In a city filled with grand monuments to a tragic past, some here say the tiniest are the most powerful: the thousands of brass-topped cobblestones that are spreading over Berlin’s sidewalks.
Six new ones showed up on one street the other day. Five more on another. Each one marks a victim of the Holocaust, placed in front of that person’s home. Together they form an expanding constellation of lives that were lived in this city before it turned against its own.
This elegant capital has a grim, concrete-slab memorial covering five acres next to the Brandenburg Gate that is used for official events to commemorate the 6 million Jews who died in the Holocaust. But now, thousands in Berlin have their own markers, placed there by an artist who has installed similar stones across Europe.
The blocks, which artist Gunter Demnig calls stumbling stones, have spread across Germany at a time when the country’s basic relationship with its past has quickly been changing. Even the grandparents of many schoolchildren were born after World War II. The country’s postwar bonds with Israel, once unchallenged, have been fraying as more people question whether they have any special obligation to atone for the sins of their ancestors.
But the stones can still provoke powerful reactions. On a recent drizzly afternoon, groups of people greeted Demnig as he laid more than a dozen new stones around Berlin.
“This is the exact opposite of what the Nazis wanted,” said Thomas Berens, 46, a building manager in the Hansaviertel neighborhood of Berlin, which was leveled by bombing during World War II. At least 1,030 Jews in this area of less than a quarter square mile were killed by the Nazis, and Berens has been part of efforts to research the lives of some of the victims.
“Here it’s bringing back the names,” Berens said, as he waited for Demnig to pry up a pavement stone and replace it with six blocks, each with a name on it, along with a birthday and information about deportations and deaths. When they were sent to Auschwitz, the youngest in the family was 3 years old. The eldest, Margarete Hartstein, was 51.
Demnig, 65, who was born in Berlin shortly after World War II ended and who often wears a black-denim-and-leather outfit reminiscent of Indiana Jones, has made laying the stones his full-time work since 1997. Locals and family members commission them for $160 each, and the waiting list to install them now stretches two years. So far, 38,000 are scattered across Europe.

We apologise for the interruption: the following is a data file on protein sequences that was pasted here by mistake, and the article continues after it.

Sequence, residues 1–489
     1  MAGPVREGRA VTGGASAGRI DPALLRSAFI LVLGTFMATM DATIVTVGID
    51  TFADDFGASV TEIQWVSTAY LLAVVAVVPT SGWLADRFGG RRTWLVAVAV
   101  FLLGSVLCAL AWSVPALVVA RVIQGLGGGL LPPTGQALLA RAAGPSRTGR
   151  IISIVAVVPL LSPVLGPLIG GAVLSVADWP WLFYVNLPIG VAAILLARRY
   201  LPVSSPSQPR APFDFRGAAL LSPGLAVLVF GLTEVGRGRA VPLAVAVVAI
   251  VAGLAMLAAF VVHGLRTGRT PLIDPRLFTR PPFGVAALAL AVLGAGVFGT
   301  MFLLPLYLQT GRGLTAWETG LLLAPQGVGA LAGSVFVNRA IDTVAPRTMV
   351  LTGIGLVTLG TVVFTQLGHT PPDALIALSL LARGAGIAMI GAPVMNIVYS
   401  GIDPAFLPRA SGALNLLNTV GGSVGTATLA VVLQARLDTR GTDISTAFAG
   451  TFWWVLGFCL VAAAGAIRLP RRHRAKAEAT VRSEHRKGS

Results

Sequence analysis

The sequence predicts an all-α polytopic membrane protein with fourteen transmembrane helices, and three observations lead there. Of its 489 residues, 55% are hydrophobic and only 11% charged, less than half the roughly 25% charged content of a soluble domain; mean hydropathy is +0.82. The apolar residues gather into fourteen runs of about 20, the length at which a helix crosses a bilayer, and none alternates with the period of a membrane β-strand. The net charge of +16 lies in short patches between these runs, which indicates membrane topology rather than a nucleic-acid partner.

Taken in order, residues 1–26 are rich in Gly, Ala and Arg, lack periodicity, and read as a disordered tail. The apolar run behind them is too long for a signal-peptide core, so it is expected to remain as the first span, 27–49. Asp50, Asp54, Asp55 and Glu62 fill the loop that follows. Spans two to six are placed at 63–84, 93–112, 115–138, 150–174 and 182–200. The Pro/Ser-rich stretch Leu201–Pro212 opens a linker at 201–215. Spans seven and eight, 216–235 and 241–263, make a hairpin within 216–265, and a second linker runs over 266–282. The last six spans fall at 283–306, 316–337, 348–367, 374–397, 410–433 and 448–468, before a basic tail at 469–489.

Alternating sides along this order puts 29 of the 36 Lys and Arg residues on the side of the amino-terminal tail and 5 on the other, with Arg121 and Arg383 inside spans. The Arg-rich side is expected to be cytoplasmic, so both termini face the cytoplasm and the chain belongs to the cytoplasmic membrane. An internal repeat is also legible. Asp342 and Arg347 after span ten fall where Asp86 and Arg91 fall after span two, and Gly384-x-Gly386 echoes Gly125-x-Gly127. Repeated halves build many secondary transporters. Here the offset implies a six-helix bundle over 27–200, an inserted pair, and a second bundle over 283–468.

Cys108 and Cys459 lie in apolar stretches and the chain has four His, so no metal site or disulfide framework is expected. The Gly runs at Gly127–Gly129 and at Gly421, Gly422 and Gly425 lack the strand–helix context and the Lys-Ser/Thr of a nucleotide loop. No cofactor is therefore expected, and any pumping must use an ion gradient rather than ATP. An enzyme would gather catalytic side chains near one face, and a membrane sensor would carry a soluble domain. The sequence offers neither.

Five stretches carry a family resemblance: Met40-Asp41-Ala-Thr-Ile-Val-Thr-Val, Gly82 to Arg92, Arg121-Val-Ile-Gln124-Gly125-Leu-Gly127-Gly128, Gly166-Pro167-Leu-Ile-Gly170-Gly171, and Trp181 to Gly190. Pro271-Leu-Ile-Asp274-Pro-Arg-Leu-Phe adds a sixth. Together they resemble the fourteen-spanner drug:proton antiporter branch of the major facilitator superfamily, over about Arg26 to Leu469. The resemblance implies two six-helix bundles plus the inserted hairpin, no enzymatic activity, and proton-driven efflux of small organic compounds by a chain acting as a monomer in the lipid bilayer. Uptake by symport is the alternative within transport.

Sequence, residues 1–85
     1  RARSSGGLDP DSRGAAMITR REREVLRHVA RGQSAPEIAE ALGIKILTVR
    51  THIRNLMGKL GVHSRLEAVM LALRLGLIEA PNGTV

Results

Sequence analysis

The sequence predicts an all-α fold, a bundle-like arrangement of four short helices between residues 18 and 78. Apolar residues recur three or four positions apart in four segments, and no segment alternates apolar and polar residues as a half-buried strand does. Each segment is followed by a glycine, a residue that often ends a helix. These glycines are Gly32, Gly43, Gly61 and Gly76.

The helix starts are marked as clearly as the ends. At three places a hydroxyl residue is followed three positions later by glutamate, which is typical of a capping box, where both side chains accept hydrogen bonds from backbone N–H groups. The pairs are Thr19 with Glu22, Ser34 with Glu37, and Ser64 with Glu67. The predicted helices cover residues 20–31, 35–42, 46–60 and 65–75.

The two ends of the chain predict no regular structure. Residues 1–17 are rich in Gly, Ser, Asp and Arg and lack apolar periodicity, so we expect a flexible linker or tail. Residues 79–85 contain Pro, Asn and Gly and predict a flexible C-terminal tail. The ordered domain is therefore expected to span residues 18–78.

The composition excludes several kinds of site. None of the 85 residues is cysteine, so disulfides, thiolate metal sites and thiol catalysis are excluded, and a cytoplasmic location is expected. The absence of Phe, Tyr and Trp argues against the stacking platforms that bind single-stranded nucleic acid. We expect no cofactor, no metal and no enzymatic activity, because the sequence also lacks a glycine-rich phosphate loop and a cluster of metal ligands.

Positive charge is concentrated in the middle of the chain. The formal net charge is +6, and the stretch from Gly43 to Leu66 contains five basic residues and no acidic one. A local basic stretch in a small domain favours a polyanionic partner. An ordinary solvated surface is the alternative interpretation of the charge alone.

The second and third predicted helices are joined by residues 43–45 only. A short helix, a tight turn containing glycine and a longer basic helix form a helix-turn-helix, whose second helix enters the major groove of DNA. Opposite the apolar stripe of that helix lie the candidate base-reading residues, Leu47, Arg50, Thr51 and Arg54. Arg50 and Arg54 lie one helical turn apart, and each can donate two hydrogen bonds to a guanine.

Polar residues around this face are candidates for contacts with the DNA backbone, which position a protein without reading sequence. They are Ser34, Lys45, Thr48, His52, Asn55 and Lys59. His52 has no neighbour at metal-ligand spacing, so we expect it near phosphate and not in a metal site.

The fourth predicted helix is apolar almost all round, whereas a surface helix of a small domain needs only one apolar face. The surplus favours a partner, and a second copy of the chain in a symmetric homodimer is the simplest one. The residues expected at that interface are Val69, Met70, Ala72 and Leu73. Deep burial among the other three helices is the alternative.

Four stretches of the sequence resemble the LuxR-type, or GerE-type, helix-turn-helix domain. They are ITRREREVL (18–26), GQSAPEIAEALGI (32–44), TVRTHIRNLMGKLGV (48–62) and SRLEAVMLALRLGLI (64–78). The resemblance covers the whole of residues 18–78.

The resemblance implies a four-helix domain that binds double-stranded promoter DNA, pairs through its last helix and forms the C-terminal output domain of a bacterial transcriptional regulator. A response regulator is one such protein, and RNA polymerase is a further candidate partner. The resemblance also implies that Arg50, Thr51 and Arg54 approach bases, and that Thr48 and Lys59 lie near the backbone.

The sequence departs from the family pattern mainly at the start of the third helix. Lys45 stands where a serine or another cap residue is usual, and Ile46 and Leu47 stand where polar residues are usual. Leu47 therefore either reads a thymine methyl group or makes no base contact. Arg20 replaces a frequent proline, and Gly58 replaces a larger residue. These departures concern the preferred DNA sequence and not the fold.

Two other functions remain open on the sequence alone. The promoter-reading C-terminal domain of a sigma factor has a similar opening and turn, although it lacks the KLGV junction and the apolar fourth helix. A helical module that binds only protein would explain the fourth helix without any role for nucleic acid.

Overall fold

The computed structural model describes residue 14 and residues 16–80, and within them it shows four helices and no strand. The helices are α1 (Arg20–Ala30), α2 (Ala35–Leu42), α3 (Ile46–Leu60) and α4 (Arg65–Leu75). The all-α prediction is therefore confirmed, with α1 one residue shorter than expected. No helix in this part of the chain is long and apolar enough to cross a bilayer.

“They read in a book, ‘6 million,’ that’s abstract,” Demnig said. “But they see one family, they really think about what happened. They read, ‘He was as old as me, and he was murdered.’”
The stones stir passions far out of proportion to their size. Other cities have banned them, including Munich, Germany’s third-largest city, in part because local Jewish organizations objected to them. On the Nov. 9 anniversary of the 1938 Kristallnacht pogrom, all the stones in the northeastern town of Greifswald disappeared overnight. Authorities suspect far-right groups.
Some Jewish groups say the memorials are insensitive, leaving the dead to be trampled underfoot and leading Germans to focus exclusively on victimhood rather than considering how a civilized society could start killing its own citizens on an industrial scale.
“It’s very easy through this identification with the victims to overlook the larger framework of who killed them and who were the perpetrators,” said Deidre Berger, the director of the Berlin office of the American Jewish Committee.
But some victims’ descendants are also involved in assembling the stumbling stones. For many families, the monuments are the closest thing they will get to a physical memorial, since there are no cemeteries for the victims, whose remains were carried away as ashes by the winds above Auschwitz and Treblinka. Demnig says the markers are not intended as gravestones. To many onlookers, though, there are similarities.
Rivka Alexander, 62, traveled from the Netherlands with her family late last month to watch Demnig install stones for her grandmother and eight other relatives in front of a white, spare building in the Kreuzberg neighborhood of Berlin where her father grew up.
“He loved this city, and then they had to flee,” she said.
For some onlookers old enough to remember World War II, the small ceremonies were a moment to reflect on who caused the many deaths.
“We’re not personally responsible,” said Gerhardt Nyhuis, 76, who came to watch stones being laid for two victims next to what is now a subway station. But “it’s terrible what we Germans did.”
Petra Krischok contributed to this report.